Day two calls for another really hot shower to start my day, the way I ended day one before I went to bed. I'm also going to take an Advil with breakfast so I'm ready for wiggling into any position needed to fasten, inspect or reinstall aircraft parts. I'm soon southbound on Interstate 95 and traffic is moving rather quickly. When I arrived at the shop I found the door was still locked, woo hoo....I beat the guys in! Keith opened up the shop in just a few minutes and I walked in with my travel mug of hot apple cider ready to have at it. No donuts this morning, I was already amped up and sugar would have blown the roof off.
We soon picked up where we had left off at the close of day one. 08Romeo got fresh oil even though I only had 16 hours on the last change. It seems I have an oil screen vs the conventional oil filter, I'm not sure I like that set up. It's four screws that can be a bit hard to reach and the frequency of the change is more often then the filtered models. Anywho,I did want to change to a more appropriate weight oil for our north east temps. In Texas the previous owner was running straight 50 weight oil, I switched to 15W50. Aeroshell 15W50 is a premium multigrade ashless dispersant oil specifically developed for aviation piston engines. Ashless means that the product does not contain any metallic components - this is important because it reduces the formation of harmful metallic ash deposits within the engine. Dispersant means it will hold small particles in suspension if they do not dissolve, allowing these particles to be carried away from critical areas and filtered out. This helps keep the engine clean. The advanced additive package provides excellent protection to engines operating at extreme ambient temperatures. The ashless anti-wear additive package provides exceptional wear protection for camshafts and lifters and other wearing surfaces. I should also mention that 08R has a quick drain oil plug which really made things move quickly.
I moved on to reinstall the inspection plates under each wing and the tail cone since inspection was complete. Frank didn't like the way the tail cone was fastened so we changed the screws and added dimpled washers that sat in the predrilled hole much nicer and provided a much cleaner finished look. With the tail end completed we moved to the fuel system. I was back under the plane removing the gascolater/fuel strainer cover to make ready for removal and inspection. The fuel pump is also located under this inspection plate. While removing the gascolator we noticed some sticky residue and it turns out it was brake fluid. It had been there a good while since it was really more of a slime/sludge consistency. This started the trail to find the source. It seems a master cylinder had very minor leak on the right side rudder/brake pedal evidenced by the same sticky slime. We checked the hoses and cleaned the area and also rebuilt one master cylinder on the pilot side. Was fluid spewing out? No, but why wait for a problem to snowball.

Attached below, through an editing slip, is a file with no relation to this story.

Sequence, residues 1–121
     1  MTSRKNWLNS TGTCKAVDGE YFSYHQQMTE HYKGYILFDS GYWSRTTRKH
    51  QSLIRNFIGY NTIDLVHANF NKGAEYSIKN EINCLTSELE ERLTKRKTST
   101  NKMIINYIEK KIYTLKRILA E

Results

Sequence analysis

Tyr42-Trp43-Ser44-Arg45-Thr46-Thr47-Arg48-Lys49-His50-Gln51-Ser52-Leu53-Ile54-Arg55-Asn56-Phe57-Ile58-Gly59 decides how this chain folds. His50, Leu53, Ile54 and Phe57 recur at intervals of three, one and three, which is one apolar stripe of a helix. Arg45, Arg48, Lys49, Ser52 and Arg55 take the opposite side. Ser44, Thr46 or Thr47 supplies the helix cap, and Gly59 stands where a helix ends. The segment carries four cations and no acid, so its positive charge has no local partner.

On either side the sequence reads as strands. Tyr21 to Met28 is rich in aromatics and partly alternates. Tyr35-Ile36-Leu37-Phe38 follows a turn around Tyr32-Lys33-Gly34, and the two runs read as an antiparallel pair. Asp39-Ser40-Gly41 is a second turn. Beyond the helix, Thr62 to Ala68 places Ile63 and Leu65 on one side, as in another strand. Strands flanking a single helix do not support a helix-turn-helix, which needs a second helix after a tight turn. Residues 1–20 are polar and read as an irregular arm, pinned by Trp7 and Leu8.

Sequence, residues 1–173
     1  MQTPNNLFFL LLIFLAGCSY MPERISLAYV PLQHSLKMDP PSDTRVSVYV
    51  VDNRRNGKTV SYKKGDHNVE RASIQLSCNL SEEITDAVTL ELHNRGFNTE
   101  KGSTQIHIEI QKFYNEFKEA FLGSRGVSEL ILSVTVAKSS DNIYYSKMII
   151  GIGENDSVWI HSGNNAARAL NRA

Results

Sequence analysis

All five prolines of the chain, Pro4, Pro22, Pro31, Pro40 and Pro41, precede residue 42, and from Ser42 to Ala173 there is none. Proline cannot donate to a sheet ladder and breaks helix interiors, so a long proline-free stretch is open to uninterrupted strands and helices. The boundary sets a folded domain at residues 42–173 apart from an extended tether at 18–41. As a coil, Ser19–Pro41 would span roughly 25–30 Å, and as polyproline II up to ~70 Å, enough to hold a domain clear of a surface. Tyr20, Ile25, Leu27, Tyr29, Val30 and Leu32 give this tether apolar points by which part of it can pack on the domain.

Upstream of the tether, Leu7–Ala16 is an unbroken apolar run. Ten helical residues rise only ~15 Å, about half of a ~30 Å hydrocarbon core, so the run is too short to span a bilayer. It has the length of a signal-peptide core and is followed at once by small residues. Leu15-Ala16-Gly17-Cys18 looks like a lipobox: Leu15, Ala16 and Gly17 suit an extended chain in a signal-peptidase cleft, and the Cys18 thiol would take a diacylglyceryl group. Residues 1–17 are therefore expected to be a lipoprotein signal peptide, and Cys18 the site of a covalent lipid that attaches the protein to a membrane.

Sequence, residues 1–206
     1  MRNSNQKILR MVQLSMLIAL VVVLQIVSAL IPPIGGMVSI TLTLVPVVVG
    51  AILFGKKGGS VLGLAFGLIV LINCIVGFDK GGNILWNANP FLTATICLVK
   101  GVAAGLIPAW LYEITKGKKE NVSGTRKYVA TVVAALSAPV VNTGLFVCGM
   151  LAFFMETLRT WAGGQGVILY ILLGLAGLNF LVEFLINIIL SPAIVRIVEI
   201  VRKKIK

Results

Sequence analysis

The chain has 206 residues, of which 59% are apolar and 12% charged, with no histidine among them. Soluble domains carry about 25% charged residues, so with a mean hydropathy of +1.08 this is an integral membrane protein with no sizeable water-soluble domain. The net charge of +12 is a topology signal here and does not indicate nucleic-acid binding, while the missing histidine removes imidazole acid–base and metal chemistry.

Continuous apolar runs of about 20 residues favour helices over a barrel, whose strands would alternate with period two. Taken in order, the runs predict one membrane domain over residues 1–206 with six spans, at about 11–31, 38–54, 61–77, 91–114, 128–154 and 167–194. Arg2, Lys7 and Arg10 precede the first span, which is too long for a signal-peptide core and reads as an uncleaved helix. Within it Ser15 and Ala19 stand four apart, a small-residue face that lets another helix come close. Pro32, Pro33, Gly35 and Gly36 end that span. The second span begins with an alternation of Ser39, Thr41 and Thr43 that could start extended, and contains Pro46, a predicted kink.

We are still waiting for the ELT battery and the wing tip but for now I continue to button things up. Keith climbed inside to replace two filters behind the panel; the vacuum system filter and a relief valve filter. What I want to know is who designed this thing and placed it in the most out of the way, hard to reach space. Obviously aircraft design Engineers and roadway/bridge Engineers both forget about the field guys. I did get a good look behind the panel and things seemed very orderly. I also checked out the space available for the future panel mounting location for my Garmin 496, plenty of room. While Frank and Keith were hard at it I was assigned the reinstallation of the back seats and rear cover for the battery. I also took the headset plug apart so I could repaint the interior plastic piece that houses the two plugs. They had some scratches that will drive Mary and I nuts so now was the time to clean it up. Since the plane was still on jacks I had to use a step ladder to crawl inside. What a sight, to high to lift the new hip in a tight space so I did the belly crawl to get my butt inside the baggage area, thankfully there were no cameras taping this scary stuff.
Following afternoon break we were ready to hang the bottom cowl. The screws for the cowl were some sort of quick set, by that I mean a quarter turn and they locked, which was a good thing for there were many to address. Next, the left side landing gear was temporarily put back together. A high tensile bolt was placed through the Jo Bolt holes so we could lower the plane and prep for drilling the two new Jo Bolt holes. The Service Instruction (SI) detailed the replacement process. I should mention the Beech Aero Club (BAC) that has a very comprehensive list of Service Bulletins (SB) and SI's. If it's related to Beech aircraft they have it. The membership fee is worth the information available to any Beech owner, not to mention all the fly-in events they schedule and the people you meet.
We are pretty much complete for day two since we are waiting on parts. I will not be able to finish up since I am going back to work on Monday. I'll get a call as soon as the wing tip is completed and I will schedule pick up late next week. I'll have to bum a flight down or have Mary drive me down. I hope 08R is back in time for the North East Flyer's Lancaster lunch run on the 14th.